Fareed's 'Rough Patch'; Robert Kennedy Jr. Hearts Cheryl Hines

Plus: Paul Simon and Carlos Santana write some letters

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Welcome to the Smart Set. Every morning we bring you the gossip coverage, filtered. Today: another Courtney Love defamation-by-Twitter lawsuit, Paul Simon and Carlos Santana take on the Grammys,and McClatchy sells some land.

  • Fareed Zakaria and his wife Paula Throckmorton have supposedly "hit a rough patch" and are "living separately as they work out their differences. Zakaria didn't deny the scuttlebutt when asked for comment: "It's true," he says, "that we're having troubles and I have taken a small apartment a few blocks away, but I still live at our house most days of the week. We're trying to work things out. Divorce is not on the horizon." [Page Six]
  • Courtney Love's recall of her drug-fueled party days is strong, but she's fuzzy on the 'Don't post inflammatory messages about people online, because they could sue you' thing. In March, she paid $430,000 to settle a defamation lawsuit after calling fashion designer Dawn Simorangkir an “asswipe nasty lying hosebag thief” on Twitter. Now, she's being sued for libel by law firm Gordon & Holmes after Love tweeted that firm partner Rhonda Holmes had been"bought off." The firm, which represented Love from December 2008 to May 2009, had been helping her pursue money allegedly taken from Kurt Cobain's estate. [The Hollywood Reporter]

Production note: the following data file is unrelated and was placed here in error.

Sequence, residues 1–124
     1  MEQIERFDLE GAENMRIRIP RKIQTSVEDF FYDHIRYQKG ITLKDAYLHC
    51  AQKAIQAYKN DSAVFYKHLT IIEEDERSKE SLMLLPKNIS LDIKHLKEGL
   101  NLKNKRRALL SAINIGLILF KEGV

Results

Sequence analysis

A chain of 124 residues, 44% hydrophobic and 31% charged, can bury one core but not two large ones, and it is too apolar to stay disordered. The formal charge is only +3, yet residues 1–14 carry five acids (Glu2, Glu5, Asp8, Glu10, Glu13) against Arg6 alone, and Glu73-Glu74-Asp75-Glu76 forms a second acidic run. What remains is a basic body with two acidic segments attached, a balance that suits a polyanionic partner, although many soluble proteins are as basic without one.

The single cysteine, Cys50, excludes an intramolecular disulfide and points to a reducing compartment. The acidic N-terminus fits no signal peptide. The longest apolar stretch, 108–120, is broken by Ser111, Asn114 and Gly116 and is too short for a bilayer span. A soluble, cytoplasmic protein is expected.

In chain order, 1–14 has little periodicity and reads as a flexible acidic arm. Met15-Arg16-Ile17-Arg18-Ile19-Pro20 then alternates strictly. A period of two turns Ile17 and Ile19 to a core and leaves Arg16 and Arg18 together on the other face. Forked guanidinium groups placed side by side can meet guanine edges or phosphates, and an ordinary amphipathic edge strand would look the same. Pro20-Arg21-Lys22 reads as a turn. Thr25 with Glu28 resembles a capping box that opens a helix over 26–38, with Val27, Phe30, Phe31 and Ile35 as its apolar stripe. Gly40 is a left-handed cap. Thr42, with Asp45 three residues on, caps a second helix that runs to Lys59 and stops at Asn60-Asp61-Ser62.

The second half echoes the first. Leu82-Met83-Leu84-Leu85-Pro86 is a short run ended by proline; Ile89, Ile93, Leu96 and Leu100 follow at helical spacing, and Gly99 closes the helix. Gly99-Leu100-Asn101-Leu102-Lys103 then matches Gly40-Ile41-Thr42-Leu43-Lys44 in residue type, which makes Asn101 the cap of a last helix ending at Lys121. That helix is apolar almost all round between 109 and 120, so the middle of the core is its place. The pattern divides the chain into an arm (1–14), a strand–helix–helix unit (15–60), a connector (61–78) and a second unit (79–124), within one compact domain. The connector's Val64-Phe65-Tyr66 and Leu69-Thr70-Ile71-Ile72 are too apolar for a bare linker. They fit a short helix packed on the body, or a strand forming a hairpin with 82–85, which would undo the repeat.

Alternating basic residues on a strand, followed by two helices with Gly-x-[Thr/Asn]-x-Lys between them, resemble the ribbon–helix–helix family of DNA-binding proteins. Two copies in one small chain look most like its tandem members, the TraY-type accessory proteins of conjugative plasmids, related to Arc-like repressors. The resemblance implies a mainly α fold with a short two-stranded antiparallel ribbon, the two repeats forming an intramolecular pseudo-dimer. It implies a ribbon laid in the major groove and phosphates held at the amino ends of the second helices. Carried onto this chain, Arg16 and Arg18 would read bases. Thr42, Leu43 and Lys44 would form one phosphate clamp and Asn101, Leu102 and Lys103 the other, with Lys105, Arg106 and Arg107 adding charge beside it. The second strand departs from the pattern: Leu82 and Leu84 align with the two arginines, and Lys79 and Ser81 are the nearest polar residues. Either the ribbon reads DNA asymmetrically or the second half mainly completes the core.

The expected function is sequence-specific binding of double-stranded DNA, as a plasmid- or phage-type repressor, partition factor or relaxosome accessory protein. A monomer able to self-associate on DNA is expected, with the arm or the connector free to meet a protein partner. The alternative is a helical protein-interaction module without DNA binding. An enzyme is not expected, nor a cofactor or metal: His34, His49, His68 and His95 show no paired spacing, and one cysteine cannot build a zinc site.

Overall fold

• The "struggling" newspaper chain McClatchy is selling the Miami Herald building and the surrounding 14 acres to a Malaysian company for $236 million. The deal includes a provision allowing the Herald and El Nuevo to stay in the building rent-free for the next two years as they look for new office space. [Poynter]
  • Paul Simon and Carlos Santana aren't happy with the Grammys for cutting 31 award categories, including Best Latin Jazz, Best Cajun/Zydeco, Best Hawaiian, and Best Large Jazz Ensemble, and they've written letters to Recording Academy president Neil Portnow making their feelings known. Simon said eliminating and combining the categories is "a disservice to many talented musicians" who won't be recognized in the new "catch-all of blurry larger categories." Santana, for his part, also called it a "disservice" and asked the Recording Academy to "represent all of the colours of the rainbow when it comes to music and give ethnic music a place in the heart of music lovers everywhere." [NME]
  • Are Robert Kennedy Jr. and Curb Your Enthusiasm's Cheryl Hines an item? It kind of looked that way to people at the premiere of the documentary The Last Mountain Wednesday night. "They arrived together," says one observer. "He hugged her and had his hand on her back at one point and kept introducing her to people. He was by her side all night." [Page Six]

This article is from the archive of our partner The Wire.